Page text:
Within some Christian traditions, an LGBT person who indicates that he or she might be considering celibacy frequently receives a hostile reception. Celibacy is treated as a code word for internalized homophobia, self-hatred, self-loathing, religious oppression, patriarchy, absurd self-denial, or sexual deviancy. In the last two weeks alone on the internet, we’ve seen significant evidence of this hostility. One author suggested that people pursuing celibacy “will almost always end up having sex on the DL anyway, and that leads to higher rates of HIV transmission” and lead lives that are analogous to cutting fruits and vegetables out of their diets. Another author said that encouraging celibacy is linked to any number of negative health outcomes including “depression, anxiety, self-destructive behavior, sexual dysfunction, avoidance of intimacy, loss of faith and spirituality, and the reinforcement of internalized homophobia and self-hatred, to name a few.” A recent internet meme portrays a celibate person as experiencing intense desires for sex only to say, “No! I mustn’t!” Another recent article runs through a list of passages, which we’ve termed the other clobber passages, to make an argument that celibacy is rare, difficult, and a “nearly impossible vocation.” These assertions, while disappointing, are far from surprising as we’ve encountered similar sentiments when we’ve visited Open and Affirming congregations.
The net consequence of these discussions is that it’s incredibly easy for people to get the message that marriage is the default vocation for all. Marriage becomes a rite of passage to adulthood, and being unmarried is a stigma in some faith communities. When people within a Christian tradition argue that the celibate vocation is incredibly rare, they are making an argument that essentially says, “99.99% of people marry. There might be a very small number of people gifted with celibacy, but the chances that you might be one of this minority are slim. So there’s no real reason to consider the possibility.” We believe that the Church as a whole is impoverished when Christians never anticipate meeting a person with a celibate vocation.
We understand why people want to affirm that some are gifted with celibacy and emphasize that this gift may be rare. Paul clearly references the gift of celibacy in the Scriptures. But of equal importance is that people have diverse reasons for entering celibate vocations. These reasons include, but are not limited to, having a passion to love and serve the world differently than a married person, developing an affinity for a particular monastic community, not perceiving a call towards parenthood, deciding one’s spirituality is more focused on God when one is not pursuing a marriage relationship, enjoying one’s life as it is without marital obligations, or sensing that one has the gift of celibacy. It’s also not terribly uncommon for people to embrace the celibate vocation out of obedience: they sense that God is asking them to commit to celibacy for reasons they do not understand, they respect their Christian tradition’s teachings on marriage and realize that they are not keen on embracing a marital vocation, or they want to remain faithful to their sexual ethics despite an extended season of involuntary celibacy. The exact reasons why people have embraced celibacy are between them and their spiritual advisors unless they choose to share with others.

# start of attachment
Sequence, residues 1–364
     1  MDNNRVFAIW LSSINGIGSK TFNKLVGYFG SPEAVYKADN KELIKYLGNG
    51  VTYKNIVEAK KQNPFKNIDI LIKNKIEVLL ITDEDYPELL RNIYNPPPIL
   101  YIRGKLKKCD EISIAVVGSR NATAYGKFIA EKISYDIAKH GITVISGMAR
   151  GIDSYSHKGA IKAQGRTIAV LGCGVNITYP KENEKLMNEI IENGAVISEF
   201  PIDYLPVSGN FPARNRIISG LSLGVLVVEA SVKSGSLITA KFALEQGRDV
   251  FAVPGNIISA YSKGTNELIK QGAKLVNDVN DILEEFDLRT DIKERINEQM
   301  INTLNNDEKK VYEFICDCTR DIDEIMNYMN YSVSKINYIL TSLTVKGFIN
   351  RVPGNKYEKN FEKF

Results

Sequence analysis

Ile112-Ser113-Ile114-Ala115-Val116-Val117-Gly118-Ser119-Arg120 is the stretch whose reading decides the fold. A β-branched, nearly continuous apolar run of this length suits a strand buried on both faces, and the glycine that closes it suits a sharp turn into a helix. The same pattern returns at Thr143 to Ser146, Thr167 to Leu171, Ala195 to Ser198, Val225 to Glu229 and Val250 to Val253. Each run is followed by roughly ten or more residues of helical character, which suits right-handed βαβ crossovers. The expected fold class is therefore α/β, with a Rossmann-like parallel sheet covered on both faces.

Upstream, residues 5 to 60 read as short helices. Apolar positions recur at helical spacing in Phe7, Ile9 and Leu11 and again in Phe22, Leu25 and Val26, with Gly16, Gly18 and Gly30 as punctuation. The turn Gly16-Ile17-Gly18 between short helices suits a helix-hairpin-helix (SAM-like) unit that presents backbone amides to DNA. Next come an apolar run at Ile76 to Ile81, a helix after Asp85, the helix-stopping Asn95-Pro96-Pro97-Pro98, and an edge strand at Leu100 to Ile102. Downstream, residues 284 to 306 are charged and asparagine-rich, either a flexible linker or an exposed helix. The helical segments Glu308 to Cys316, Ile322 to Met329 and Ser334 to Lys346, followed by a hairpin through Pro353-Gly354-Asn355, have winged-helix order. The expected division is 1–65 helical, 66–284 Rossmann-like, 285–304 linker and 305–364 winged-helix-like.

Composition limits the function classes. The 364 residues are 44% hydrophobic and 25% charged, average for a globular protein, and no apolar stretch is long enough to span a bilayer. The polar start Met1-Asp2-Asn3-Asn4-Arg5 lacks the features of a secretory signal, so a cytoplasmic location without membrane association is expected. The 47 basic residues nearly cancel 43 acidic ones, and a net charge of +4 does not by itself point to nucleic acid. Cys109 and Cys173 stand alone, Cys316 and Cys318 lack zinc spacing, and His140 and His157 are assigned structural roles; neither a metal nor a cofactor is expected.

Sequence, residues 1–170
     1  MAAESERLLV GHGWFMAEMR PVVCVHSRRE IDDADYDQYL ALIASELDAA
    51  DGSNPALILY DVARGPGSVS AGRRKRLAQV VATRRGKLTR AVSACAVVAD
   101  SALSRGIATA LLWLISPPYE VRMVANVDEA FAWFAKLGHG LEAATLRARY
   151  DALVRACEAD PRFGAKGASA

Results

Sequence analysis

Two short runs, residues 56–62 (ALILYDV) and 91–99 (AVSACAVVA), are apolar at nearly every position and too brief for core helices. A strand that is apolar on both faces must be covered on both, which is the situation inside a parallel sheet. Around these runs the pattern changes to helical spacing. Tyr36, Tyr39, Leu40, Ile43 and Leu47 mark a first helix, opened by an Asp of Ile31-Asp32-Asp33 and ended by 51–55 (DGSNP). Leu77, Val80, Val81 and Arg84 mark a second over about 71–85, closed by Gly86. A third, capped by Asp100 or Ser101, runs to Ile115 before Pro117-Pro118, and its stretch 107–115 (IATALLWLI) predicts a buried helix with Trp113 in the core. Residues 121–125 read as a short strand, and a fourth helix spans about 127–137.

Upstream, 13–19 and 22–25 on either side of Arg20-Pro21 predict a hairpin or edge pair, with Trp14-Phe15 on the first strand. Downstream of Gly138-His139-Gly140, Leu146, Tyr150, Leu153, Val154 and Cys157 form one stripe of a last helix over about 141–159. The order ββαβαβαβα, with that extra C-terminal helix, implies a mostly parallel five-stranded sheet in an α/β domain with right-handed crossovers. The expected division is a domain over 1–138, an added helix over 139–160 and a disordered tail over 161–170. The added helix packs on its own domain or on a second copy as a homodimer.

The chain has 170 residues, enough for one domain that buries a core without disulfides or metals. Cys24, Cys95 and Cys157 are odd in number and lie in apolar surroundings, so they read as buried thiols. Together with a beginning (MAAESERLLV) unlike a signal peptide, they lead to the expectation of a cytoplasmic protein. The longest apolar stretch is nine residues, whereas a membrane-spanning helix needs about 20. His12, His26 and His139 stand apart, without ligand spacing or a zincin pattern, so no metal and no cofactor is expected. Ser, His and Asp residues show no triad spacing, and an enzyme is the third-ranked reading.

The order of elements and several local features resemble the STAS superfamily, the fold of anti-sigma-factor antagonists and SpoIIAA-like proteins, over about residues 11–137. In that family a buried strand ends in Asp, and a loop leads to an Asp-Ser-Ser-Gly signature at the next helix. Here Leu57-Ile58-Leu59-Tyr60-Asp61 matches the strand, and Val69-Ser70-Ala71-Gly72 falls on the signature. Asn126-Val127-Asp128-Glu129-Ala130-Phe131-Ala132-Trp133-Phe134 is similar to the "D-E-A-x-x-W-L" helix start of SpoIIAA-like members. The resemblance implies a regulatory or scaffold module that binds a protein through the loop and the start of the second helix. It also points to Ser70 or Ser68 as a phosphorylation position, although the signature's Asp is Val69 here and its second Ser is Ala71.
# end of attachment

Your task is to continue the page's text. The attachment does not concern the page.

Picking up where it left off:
When people acknowledge and affirm a broader set of reasons to embrace celibate vocations, it becomes more obvious that God is not asking every person to enter a martial relationship. Vocational discernment becomes prayerfully seeking answers to the questions, “God, what would You have me do as I seek to love You more? Who have You created to me to be? How can I more fully image Christ’s likeness to everyone I meet?”
Christians need to stop mocking the gift of celibacy by suggesting that living the celibate vocation requires superhuman strength and a nearly complete absence of sexual desire. When celibacy is presented in this way, it becomes an inhuman way of life to the point of being seen as inhumane. However, celibacy is an entirely human vocation. Real men and women have borne witness to the kingdom of God for centuries through myriad celibate vocations. Christians would benefit from getting to know real people who live celibacy — some of whom might be in their midst without their awareness. Why did they embrace celibacy? How did celibacy provide a way for them to learn to love themselves, their neighbors, and God? What gifts did they share with the world as they embraced their vocations fully?
(Stay tuned for more profiles of real celibates!)